Friday, January 17, 2014

An Important CCSS Marketing Idea

When you look at the commercial marketing blitz that trails along behind the giant blocking forearms of Common Core, what's surprising is that it's not bigger.

True-- "CCSS" has been stamped every printed object that a school might potentially buy. Every book and worksheet now touts its CCSS-ness. Heck, there are elementary level bulletin board decorations out there that are CCSS ready.

But I think the Architects of the Reformatorium have missed some opportunities. Why not the Official Soft Drink of CCSS? Why not a CCSS clothing line-- polo shirts will probably sell well, but I see a natural market for CCSS straightjackets as well. When can I expect to see a Happy Meal with CCSS action figures inside? I can think of many fun things to do with a little plastic David Coleman action figure. Many, many fun things.

Think of the licensing opportunities. Plush Arne Duncan dolls. CCSS board games-- as your piece moves around the board you must stop every other square to take a test, then at the end, each piece is repeatedly weighed to see which has added the most value while going around the board. A CCSS blimp [insert your own hot air joke here]. So many missed opportunities.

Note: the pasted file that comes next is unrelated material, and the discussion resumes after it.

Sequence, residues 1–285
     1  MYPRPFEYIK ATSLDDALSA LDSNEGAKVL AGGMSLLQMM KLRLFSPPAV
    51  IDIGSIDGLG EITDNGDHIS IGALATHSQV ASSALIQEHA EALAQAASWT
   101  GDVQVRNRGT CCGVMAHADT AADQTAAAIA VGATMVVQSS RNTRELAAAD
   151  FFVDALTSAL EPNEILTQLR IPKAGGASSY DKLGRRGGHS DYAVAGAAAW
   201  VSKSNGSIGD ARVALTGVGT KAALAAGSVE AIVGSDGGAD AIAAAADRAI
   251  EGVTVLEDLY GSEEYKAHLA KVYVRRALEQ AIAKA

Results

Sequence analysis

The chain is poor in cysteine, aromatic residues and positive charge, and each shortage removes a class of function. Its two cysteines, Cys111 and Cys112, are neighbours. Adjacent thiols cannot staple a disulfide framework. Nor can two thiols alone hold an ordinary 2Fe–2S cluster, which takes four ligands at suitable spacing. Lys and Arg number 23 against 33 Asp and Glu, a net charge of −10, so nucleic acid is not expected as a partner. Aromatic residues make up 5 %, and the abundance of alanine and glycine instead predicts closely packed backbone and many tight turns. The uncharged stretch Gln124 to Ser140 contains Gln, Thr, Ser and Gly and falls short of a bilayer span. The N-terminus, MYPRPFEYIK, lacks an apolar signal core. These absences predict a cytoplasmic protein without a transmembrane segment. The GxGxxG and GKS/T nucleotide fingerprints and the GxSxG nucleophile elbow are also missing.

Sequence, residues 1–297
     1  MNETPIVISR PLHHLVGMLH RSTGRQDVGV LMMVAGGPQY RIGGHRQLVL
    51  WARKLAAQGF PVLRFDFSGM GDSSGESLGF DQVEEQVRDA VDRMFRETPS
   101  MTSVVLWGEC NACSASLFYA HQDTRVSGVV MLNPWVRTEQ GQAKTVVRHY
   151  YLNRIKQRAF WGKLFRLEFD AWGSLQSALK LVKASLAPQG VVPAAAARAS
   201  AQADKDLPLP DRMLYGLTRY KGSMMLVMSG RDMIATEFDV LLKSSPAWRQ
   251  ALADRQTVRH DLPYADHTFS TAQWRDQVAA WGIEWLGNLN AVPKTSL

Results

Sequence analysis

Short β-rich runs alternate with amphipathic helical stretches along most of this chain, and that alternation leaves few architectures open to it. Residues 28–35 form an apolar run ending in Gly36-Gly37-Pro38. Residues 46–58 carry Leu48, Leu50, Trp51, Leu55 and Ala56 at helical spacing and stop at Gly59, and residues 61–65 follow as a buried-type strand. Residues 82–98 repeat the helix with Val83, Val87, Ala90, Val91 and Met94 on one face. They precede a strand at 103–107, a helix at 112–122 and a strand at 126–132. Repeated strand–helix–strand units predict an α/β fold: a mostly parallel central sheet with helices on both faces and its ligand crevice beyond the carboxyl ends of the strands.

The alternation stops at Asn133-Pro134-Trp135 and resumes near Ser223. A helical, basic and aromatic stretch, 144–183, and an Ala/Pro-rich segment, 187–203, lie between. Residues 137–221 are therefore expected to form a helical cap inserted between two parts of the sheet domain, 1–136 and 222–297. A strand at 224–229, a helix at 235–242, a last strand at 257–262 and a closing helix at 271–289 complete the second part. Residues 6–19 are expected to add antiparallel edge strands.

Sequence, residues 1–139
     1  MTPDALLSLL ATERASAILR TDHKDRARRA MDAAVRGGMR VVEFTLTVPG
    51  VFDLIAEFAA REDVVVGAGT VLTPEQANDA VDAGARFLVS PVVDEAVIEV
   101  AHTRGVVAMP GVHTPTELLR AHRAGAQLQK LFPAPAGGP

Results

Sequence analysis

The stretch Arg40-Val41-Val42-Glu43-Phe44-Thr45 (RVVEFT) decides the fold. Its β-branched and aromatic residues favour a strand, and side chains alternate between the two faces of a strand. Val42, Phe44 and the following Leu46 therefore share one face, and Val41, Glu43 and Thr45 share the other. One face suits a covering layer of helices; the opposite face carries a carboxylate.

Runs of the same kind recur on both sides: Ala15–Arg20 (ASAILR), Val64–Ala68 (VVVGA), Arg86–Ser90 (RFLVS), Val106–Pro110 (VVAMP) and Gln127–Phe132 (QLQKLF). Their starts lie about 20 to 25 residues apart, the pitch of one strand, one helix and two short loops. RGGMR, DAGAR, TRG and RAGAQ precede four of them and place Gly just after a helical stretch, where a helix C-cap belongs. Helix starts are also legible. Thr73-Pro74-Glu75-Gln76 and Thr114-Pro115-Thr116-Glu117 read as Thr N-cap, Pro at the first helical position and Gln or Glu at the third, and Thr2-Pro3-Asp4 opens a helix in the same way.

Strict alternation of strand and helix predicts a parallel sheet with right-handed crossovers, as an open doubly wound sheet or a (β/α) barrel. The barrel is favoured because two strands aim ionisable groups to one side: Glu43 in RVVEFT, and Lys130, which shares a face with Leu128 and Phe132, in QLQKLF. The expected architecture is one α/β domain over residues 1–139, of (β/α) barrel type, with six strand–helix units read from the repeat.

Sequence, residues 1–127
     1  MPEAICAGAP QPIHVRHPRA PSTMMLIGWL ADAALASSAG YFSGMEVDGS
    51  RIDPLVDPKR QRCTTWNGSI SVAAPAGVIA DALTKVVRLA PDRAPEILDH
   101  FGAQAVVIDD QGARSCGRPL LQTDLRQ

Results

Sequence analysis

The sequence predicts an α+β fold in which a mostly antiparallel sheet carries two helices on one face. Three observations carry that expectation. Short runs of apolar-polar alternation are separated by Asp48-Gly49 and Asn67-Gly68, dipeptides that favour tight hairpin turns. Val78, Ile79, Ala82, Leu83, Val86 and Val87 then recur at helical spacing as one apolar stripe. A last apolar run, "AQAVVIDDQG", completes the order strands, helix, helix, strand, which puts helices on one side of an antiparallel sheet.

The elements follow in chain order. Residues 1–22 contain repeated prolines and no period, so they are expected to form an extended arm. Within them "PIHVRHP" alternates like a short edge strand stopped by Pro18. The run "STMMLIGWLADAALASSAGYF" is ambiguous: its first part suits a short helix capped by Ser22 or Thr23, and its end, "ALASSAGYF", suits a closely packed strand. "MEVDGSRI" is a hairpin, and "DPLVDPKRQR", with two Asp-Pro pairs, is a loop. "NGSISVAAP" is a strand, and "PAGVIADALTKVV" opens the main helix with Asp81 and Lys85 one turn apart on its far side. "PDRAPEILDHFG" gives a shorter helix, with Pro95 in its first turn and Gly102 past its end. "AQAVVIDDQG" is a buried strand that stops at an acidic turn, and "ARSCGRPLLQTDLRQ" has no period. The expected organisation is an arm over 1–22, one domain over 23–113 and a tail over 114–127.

I do see, however, one important marketing idea they have not missed.

Much has been made of the copyrighting of CCSS, the fact that nobody is allowed to modify it or alter it but the actual copyright holders. I can think of many small reasons to do so, but I can think of one huge one.

Fast forward to two or three years from now. "We've been carefully examining the data from the first rollout of CCSS," announces Arne Duncan (or some plush stuffed object that has replaced him), "and we're happy to announce that a blue-ribbon committee of top-level corporate stooges have incorporated some of what we've learned into new and improved standards, a draft of which we totally waved in front of some teachers for five minutes. So we are now proud to introduce Common Core State Standards 2.0!"

And then, in order to stay current aka keep their government $$, school districts across the country (well, public ones, anyway) will need to upgrade their software, books, materials, programs-in-a-box, training programs, etc etc etc ka-ching ka-ching ka-ching.

When it comes to marketing and money streams, tie-ins, licensing, and spin-offs are great. But nothing beats planned obsolescence.

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